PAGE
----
• Verdict: definitely easy to use, natively supporting Mac OS, Windows, Linux, Android, and iOS, it has a relatively limited amount of space compared to other services. However, if all you are going to do is store your writings, and perhaps use one of the other services for your photos, illustrations, or personal storage, the 2 GB limit should be no problem. Even massive novels written in Microsoft Word or Pages are unlikely to reach this size (a Microsoft Word file of 2 GB would be approximately 128,000 pages; given that War and Peace, one of the largest novels ever written, is approximately 1,440 pages, even filling only half of the space with one file would easily make it the longest novel in human history!). A highly recommended piece of the puzzle for any Cloud Age Author.

Google Drive

  • Free Storage: 5 GB (unlimited storage for any documents converted to Google Docs format)
  • File Size Limits: 10 MB for non-Google Docs format files
  • How it works: Similarly to Dropbox or the Amazon Cloud Drive, the Google drive can be accessed by installing the Google Drive application to your computer, or you can access it through the web interface.
    • From the Google Drive site you click to download the application, which you then drag to your Applications folder.
    • Open the application to begin; note that you will need to have, or create, a gmail (or have a google apps) account in order to use the Google Drive. It will step you through installing a folder in your home folder, and installing a menu bar item as well:
    • Clicking the menu bar item reveals the following menu:
    • Locate the Google Drive app in your choice of store (Apple's, Amazon's, or Google's, or whatever) to install the app on your mobile device.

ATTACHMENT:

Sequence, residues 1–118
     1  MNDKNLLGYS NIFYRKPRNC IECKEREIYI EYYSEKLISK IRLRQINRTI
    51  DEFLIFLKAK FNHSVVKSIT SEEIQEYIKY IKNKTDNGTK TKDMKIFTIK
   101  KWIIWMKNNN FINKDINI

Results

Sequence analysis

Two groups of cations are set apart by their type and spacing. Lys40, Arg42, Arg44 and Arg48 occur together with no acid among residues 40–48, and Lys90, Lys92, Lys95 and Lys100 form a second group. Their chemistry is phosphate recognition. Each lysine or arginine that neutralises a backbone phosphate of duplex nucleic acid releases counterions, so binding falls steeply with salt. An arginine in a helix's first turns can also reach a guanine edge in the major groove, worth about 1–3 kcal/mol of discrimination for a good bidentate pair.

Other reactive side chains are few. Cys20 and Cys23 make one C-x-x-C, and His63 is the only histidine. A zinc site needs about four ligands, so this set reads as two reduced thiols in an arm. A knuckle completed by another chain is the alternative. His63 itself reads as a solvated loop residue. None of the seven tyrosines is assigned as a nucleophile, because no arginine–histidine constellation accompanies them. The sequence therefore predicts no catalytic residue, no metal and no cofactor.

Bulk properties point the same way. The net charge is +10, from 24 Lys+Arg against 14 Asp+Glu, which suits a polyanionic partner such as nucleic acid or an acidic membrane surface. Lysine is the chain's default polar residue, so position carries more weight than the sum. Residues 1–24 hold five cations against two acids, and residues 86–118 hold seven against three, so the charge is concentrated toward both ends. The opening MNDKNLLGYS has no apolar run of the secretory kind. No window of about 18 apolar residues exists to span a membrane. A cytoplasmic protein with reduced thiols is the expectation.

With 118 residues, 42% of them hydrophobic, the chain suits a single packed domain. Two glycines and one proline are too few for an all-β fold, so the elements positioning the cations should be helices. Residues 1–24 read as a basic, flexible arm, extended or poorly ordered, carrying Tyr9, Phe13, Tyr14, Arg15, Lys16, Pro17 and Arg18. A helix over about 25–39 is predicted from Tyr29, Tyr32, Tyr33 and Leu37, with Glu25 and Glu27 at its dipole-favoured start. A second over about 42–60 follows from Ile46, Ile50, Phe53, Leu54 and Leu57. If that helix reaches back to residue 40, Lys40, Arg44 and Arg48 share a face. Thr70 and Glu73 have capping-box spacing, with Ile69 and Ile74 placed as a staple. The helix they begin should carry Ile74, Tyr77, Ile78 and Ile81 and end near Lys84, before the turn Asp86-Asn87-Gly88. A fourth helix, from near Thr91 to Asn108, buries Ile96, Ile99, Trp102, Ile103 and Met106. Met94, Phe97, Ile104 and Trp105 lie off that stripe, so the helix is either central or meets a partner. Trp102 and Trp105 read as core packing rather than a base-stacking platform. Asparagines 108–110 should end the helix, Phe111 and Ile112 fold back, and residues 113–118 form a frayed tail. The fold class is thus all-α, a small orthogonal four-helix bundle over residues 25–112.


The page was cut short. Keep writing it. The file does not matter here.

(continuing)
• From your computer, you can start syncing files by either uploading them through the web interface or adding them to the folder (selecting the "Open Google Drive folder" option in the menu takes you straight to it). Like Dropbox, you can create subfolders ad hoc and organize however you please.
    • In the google drive app on your mobile device, click on the file you wish to edit. Like Dropbox, you can elect to open a file with an application on the iPad by clicking the icon in the upper-right corner; unlike Dropbox, there is a built-in editor for Google Docs documents.
  • Verdict: An excellent choice, with essentially unlimited free storage if you convert your documents to Google Docs format. This gives a couple of advantages, most importantly the Google Drive has a free Rich Text Editor built-in for editing Google Docs text documents! While it is no Word, or Pages, it has the basic necessities for any writer to write text documents, and support some basic rich text like italics, bolding, underlining, and font control (basic font control; no kerning or leading adjustments), as well as bulleted and numbered lists. It also permits sharing with other users, if you use Google Apps (say, if you have an illustrator or editor you work with a lot, you might consider creating a free Google Apps account and sharing that way).